By David Keegan, CEO

I recently participated in a multicultural conference in New Zealand where a significant Maori leader, Dr Kara Puketapu, was invited to speak about multiculturalism. He spoke about offering compassion and friendship for visitors to his lands as an obligation and extended a commitment to working with the government and multicultural communities to make New Zealand a place where all visitors are welcome.

I was impressed by his simple approach to building relationships and encouraging cultural understanding as the foundations of welcoming multicultural communities. The Maori word for this is manaakitanga, which is the process for showing respect, generosity and care for others. This experience made me reflect on how first nation communities generally have well embedded concepts of welcome and that we can learn from them. It also reminds me of two of the foundational principles of HOST International: one; that sustainable integration of refugees does not happen without the support and active participation of host communities; and, two; that human relationships, hope and respect are needed to make community work.

Ealier this month it was NAIDOC week in Australia, where we celebrated the contributions of Aboriginal women in reconciliation and advancement of Aboriginal rights. As someone who has played a significant role in refugee settlement work in Australia over the past seven years, I found myself asking: ‘where has the voice of Aboriginal people been in the debates on refugee and asylum seeker issues in Australia’. I had the privilege of working with Aboriginal communities in Western Sydney early on in my career and I experienced similar concepts of welcome that were built around genuine respect and relationship. I wonder where the Aboriginal voice is in Australian refugee policy.

Tammy Solonec, a Nigena woman from Derby in the Kimberly, says in relation to refugee matters: “It’s all being done without our participation and this is our land, you know, we need to be involved in those discussions”. Ms Solonec believes most Indigenous Australians would be empathetic towards refugees.

I have also seen and heard Indigenous Australians perform their Welcome to Country in which they make a point to welcome refugees and migrants to their traditional lands. But their voices are largely missing from the refugee policy discussion. Without presuming to know exactly the reasons for this, perhaps it’s because traditional owners are not asked for their views by government or media commentators. Or perhaps because Indigenous Australians still have other battlefronts to fight for recognition and equality.

My understanding of reconciliation is that it starts with recognition, understanding and respect. Perhaps, then, what is needed is for policy makers and service providers to invite first nation people to the table for a discussion on refugee issues.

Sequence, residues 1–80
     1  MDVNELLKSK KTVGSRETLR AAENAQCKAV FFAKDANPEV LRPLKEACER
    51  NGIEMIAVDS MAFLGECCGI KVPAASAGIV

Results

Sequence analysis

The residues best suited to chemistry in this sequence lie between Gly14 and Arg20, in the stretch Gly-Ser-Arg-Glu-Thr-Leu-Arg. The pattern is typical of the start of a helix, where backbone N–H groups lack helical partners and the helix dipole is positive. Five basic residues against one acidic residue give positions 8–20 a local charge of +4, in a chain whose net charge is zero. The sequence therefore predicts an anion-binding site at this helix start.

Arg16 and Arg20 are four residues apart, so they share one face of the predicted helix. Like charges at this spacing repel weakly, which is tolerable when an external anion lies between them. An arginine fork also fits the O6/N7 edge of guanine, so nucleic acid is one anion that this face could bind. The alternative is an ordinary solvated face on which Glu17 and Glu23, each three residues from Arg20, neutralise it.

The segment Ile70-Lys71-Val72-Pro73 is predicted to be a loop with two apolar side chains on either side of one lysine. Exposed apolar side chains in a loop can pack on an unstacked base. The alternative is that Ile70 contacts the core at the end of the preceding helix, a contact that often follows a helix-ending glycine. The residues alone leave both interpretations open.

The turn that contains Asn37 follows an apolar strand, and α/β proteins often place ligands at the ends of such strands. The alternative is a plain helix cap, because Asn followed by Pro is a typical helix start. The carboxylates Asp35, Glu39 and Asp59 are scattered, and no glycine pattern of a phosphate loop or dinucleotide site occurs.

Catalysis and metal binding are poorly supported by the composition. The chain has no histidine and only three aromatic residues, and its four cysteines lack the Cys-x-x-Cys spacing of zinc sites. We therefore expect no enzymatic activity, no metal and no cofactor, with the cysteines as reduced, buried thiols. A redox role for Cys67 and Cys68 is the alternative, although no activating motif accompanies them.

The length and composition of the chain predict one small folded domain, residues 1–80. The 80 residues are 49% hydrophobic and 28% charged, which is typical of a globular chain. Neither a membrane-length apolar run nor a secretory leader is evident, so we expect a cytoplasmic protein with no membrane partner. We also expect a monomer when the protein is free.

Australia unfortunately does not have a treaty that brings its first nation people into the conversation like New Zealand has. I’m aware that it’s not perfect in New Zealand either and that arguments about not accepting refugees, and ‘looking after people in your own backyard first‘ instead, persist. But I do believe the nation’s Maori people are more genuinely a part of policy and cultural discussions in all areas of their society, including refugee matters.

Australia certainly needs a more mature conversation about refugees and asylum seekers that is not about border protection or anti radicalisation, but more about the kind of nation we want to be and with indigenous ideology as the foundation. As part of our focus on host community participation in refugee integration, I am committed to ensuring that HOST International will build relationships with first nation people wherever we work and, where possible, incorporate indigenous ways into our practice framework.

By definition, refugees find themselves living in lands where they are visitors. Some will find a home in these places and some will remain a temporary visitor. Refugees tell me that they want to be able to feel like they belong and to give back to the communities that host them. They want to be able to make a new life without fear, torture or persecution. First nations people understand this because they have experienced the trauma of displacement from their lands. Belonging comes through being invited into a community as an equal. With this comes rights and with rights comes responsibility.

The principles of welcome obviously also extend to government and mainstream community.

I wonder what would be possible in addressing issues such as racism, radicalisation, border protection and settlement if we were to seek wisdom from first nation elders. What if a collaborative Welcome to Country by Australia’s traditional owners underpinned our refugee policies – something akin to the manaakitanga. Perhaps we could recognise the potential of refugees and migrants and welcome them, rather than viewing their arrival through the ideological securitisation of people movements.